If you were to go back to me when I was at my worst or if you were to find me, way back when, on the ground, crawling around on the floor and chasing the cocaine demons or, like say, if you were to see me in the holding cells or waiting in the bullpens beneath the courthouse before I was about to see the judge, or maybe if you were to find me when I was older, living better but still depressed and anxious and facing bankruptcy, feeling loveless and empty and looking for a way out but every turn was a dead end, and if you would have come to me in the depths of my anxiety or found me when my insomnia refused to leave like an unwanted guest, when all I could do is lay in bed and toss or turn and then watch the red numbers on my alarm clock, glaring at me in the dark like an insult to injury, or, if you would have found me in the times when I contemplated “The End,” and told me, someday, this is where I’d be —the truth is, I would have sworn, “You’re out of your mind.”
Everything about my life was either forced or coerced. Nothing was ever natural to me. For some reason, I gave into the inaccurate ideas that there was something wrong with me. I was a slave to myself. I was a slave to my thinking and my belief system. I was trapped somehow, like a prisoner in a cage, like an inmate in the most uncomfortable form of solitary confinement there could be. I was trapped in myself. I was trapped in my life and trapped in the habitual patterns which I could not seem to break.
Above all the things I needed to get away from, I needed to get away from my guilt and my regret. More than anything else, I needed to be free from the ideas of shame. I knew there were secrets which I never dared to talk about. But at this point, feeling better was the only thing that mattered to me.
Therapy is a great idea but the connection between therapist and client is as crucial as the air we breathe and the food we eat. I never found a therapist that I connected with.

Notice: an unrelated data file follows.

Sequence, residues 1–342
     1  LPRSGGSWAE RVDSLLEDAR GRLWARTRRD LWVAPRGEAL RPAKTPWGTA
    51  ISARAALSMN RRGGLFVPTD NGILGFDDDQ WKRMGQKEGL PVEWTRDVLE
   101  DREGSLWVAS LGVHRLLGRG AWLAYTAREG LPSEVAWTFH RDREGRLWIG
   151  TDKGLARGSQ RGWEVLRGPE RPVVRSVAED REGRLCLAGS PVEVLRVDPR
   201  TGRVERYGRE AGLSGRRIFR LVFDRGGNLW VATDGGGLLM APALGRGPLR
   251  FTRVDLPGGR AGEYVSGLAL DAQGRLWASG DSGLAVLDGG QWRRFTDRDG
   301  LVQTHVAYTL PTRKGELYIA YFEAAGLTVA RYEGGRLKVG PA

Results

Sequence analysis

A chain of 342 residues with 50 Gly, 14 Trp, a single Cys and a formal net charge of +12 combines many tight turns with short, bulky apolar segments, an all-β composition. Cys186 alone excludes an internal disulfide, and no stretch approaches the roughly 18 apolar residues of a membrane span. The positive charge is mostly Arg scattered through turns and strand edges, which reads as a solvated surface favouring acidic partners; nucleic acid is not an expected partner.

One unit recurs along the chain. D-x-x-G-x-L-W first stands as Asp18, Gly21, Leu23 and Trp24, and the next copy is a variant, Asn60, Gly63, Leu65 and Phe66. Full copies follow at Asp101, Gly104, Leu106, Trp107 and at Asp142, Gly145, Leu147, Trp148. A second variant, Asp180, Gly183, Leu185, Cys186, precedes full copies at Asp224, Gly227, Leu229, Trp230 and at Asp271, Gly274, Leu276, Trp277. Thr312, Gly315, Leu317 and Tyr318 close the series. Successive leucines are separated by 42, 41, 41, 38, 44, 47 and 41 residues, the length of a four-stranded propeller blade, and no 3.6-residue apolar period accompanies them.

Medication helps as well, but my experience with mood stabilizing medication was unsuccessful. I didn’t like the side effects. I didn’t like the fact that I felt neither good nor bad—but just an unenthused, in-between sense of nothingness. Not happy, not sad, not anything, just existing.
There were times when I wondered what my life would have been like if I were different or grew up in a different neighborhood. I wondered what would have happened if turned right instead of left that on last Sunday night in August, 1989.
Where would I have been or how would I have grown if I chose not to return a phone call one morning before a terrible decision? Or, what would have happened if I said “No” to a car ride the first time I saw a crack pipe?
I used to wonder what my life would have turned into if I had stood up for me or stayed true to myself—because instead of being true to me, I just rehearsed the things I wished I could say.
When I was a little boy, somewhere around the age of six or seven, The Old Man bundled me up in a bunch of warm clothes, took me out into his big blue bronco truck, which I remember in my mind’s eye and can see this clearly.
I remember the way the bench seat looked and how the motor rumbled. I remember the long black handle for the stick shift. I remember the coldness of the morning, but more importantly, I remember the reason for this trip. This was the time we began the yearly tradition on New Year’s Day.
This was our day to be Father and son. Nothing ever stopped this day between us. No matter how badly things turned, we always held our New Year’s tradition.
Back on the farm, the time was beginning to move a little differently. I was still not sure if I believed in anything differently from before.
I wasn’t buying into their ideas of a totally abstinent drug free life nor was I buying into their religious outlook.
I had always believed in God to some degree. Yet, at the same time, there were other times when I reached out to God, personally, and found that my prayers were unanswered. I did not like religion, let alone my religion. My background and culture was different from the popular norm.
That Thanksgiving on the farm with Mom and The Old Man was nice. There was something to the occasion that made the day more than just another holiday.
We were happy. The Old Man was happy with me and so was Mom. For the first time in a long time, my parents were proud.
There was no trouble. No one was looking for me. There was no reason to excuse myself from the table, to hide something, or to leave the house. This was a reward to me; however, this is where the battle of depressive thinking comes in to disrupt the victory. These are the thoughts that would discount the reward and downplay my achievements.